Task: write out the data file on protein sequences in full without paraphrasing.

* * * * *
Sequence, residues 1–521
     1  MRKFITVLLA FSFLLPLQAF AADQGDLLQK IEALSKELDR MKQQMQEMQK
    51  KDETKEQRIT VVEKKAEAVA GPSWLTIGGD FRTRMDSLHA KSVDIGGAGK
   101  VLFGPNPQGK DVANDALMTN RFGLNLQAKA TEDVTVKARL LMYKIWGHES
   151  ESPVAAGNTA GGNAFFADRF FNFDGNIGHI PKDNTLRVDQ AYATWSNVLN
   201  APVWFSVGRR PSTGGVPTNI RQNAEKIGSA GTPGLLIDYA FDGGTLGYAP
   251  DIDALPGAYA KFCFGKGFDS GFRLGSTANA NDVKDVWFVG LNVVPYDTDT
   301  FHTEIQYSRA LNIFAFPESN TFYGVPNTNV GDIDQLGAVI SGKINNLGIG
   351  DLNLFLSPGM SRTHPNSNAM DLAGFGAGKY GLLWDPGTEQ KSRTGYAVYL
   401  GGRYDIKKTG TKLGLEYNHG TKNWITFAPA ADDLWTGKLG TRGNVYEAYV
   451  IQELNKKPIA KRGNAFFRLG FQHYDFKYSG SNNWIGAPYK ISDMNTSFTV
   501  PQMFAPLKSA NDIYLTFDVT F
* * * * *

Sequence, residues 1–521
     1  MRKFITVLLA FSFLLPLQAF AADQGDLLQK IEALSKELDR MKQQMQEMQK
    51  KDETKEQRIT VVEKKAEAVA GPSWLTIGGD FRTRMDSLHA KSVDIGGAGK
   101  VLFGPNPQGK DVANDALMTN RFGLNLQAKA TEDVTVKARL LMYKIWGHES
   151  ESPVAAGNTA GGNAFFADRF FNFDGNIGHI PKDNTLRVDQ AYATWSNVLN
   201  APVWFSVGRR PSTGGVPTNI RQNAEKIGSA GTPGLLIDYA FDGGTLGYAP
   251  DIDALPGAYA KFCFGKGFDS GFRLGSTANA NDVKDVWFVG LNVVPYDTDT
   301  FHTEIQYSRA LNIFAFPESN TFYGVPNTNV GDIDQLGAVI SGKINNLGIG
   351  DLNLFLSPGM SRTHPNSNAM DLAGFGAGKY GLLWDPGTEQ KSRTGYAVYL
   401  GGRYDIKKTG TKLGLEYNHG TKNWITFAPA ADDLWTGKLG TRGNVYEAYV
   451  IQELNKKPIA KRGNAFFRLG FQHYDFKYSG SNNWIGAPYK ISDMNTSFTV
   501  PQMFAPLKSA NDIYLTFDVT F